On April 2, 2020, a federal judge in the Central District of California ordered six at-risk migrants released from the Adelanto detention center in San Bernardino, California. Robles Rodriguez v. Wolf, No.5:20-CV-00627-TJH-GJS (C.D. Cal. April 2, 2020). In its lawsuit, the ACLU of Southern California argued that the migrants were “at particular risk of irreparable harm because they each have conditions such as diabetes, HIV, and asthma, which put them at serious risk of grave medical complications or even death if they contract COVID-19.”

In a separate series of lawsuits, advocates are arguing that the response to COVID-19 from the Department of Health and Human Service’s Office of Refugee Resettlement (ORR) and ICE violates a 1997 consent decree—the Flores Settlement Agreement (FSA)—which governs the care of migrant minors in U.S. immigration custody. Flores v. Barr, No. 2:85-cv-04544-DMG (AGRx) (C.D. Cal. Mar. 28, 2020); Lucas R. v. Azar. No. 2:18-cv-05741-DMG (PLAx) (C.D. Cal. Apr. 2, 2020). The lawsuits seek (1) the release of migrant children who are neither a flight risk nor a danger to the community; (2) enforcement of the FSA’s provision that requires the government to make and record their continuous efforts towards releasing migrant children; (3) placement of minors into non-congregate settings; and (4) implementation of CDC public health strategies to protect individuals in congregate detention settings. Flores, No. 2:85-cv-04544-DMG (AGRx) at 4 (C.D. Cal. Mar. 28, 2020).

After considering briefing and arguments, on March 28, 2020, the Central District of California declined to order the government “release minors en masse,” citing travel restrictions, possible contagion via public transportation, and “introducing healthy children to homes where they could be at a higher risk of infection.” Id. at 12. Nonetheless, the court reminded ORR and ICE of the agencies’ obligation under the FSA to release minors “without unnecessary delay.” Id. at 13. The court further ordered the agencies “to show cause why they should not be held to answer for unexplained delays in released eligible Class Members.” Id. at 13. The court made clear its concern for migrant children, noting that they “are already more likely to have mental health concerns [and] may be separated from their family members,” thus “the trauma of undergoing solitary quarantine for the virus or simply not receiving adequate information about the potential for infection is likely to exacerbate existing mental health concerns.” Id. at 6.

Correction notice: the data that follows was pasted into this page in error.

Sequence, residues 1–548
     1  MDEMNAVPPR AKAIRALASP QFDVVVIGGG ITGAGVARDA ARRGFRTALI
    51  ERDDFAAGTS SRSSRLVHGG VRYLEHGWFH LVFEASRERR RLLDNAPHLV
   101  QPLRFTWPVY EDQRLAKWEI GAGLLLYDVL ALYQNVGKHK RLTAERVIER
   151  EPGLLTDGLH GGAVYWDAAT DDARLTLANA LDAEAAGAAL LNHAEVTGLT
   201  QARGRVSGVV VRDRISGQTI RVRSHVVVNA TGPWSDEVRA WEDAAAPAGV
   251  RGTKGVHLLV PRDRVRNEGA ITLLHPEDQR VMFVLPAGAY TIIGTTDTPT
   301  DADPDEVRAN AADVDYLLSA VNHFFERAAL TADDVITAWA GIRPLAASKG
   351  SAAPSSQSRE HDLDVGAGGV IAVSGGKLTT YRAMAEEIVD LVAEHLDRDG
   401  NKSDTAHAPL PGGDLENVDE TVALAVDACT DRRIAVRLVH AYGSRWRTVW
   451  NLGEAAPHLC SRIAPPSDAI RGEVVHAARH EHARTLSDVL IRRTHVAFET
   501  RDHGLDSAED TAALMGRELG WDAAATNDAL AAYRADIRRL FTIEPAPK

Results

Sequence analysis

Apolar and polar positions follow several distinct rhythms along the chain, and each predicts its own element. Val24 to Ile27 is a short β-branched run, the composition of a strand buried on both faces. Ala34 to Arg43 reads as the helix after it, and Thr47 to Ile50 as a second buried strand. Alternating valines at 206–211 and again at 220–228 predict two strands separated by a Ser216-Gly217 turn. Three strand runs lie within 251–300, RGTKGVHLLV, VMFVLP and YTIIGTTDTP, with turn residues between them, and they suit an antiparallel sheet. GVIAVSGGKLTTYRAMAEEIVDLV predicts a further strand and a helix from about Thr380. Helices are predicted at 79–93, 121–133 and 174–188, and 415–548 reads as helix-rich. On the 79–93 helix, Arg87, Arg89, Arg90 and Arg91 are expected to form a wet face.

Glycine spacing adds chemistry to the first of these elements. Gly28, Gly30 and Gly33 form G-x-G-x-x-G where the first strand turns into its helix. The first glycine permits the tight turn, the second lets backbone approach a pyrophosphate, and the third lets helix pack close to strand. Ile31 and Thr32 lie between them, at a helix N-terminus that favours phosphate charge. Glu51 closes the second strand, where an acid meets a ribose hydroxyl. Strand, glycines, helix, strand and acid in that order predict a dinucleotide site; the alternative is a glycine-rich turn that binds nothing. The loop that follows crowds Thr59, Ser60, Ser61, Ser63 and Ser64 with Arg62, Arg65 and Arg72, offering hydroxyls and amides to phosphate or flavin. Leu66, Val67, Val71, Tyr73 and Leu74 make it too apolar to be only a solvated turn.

Louisiana

On April 1, 2020, advocates filed suit in the Eastern District of Louisiana for the release of “seventeen individuals detained in the custody of the New Orleans ICE Field Office in detention centers in Louisiana, Mississippi, and Alabama” who are at-risk based on age and pre-existing medical conditions. Plaintiffs’ Memorandum of Law in Support of Their Motion for a Temporary Restraining Order, Dada. v. Witte, No. 2:20-cv-01093-GGG-KWR at 2 (E.D. La. filed Apr. 1, 2020). The plaintiffs have conditions “such as diabetes, lung disease, kidney disease, or other illness.” Id. at 4. The suit argues that civil detention with “cramped, unsanitary, and irremediable conditions” amid COVID-19 violates the migrants’ due process rights to protection from harm and to be free from punitive conditions. Id. at 13-15.  If the Court determines that oral argument or a status conference is necessary, it will conduct a telephonic proceeding at 10:00 a.m. on Monday, April 6, 2020. Dada v. Witte, No. 2:20-cv-01093-GGG-KWR at 2 (E.D. La. Apr. 2, 2020). At the time of this post, the court has not yet issued its final order.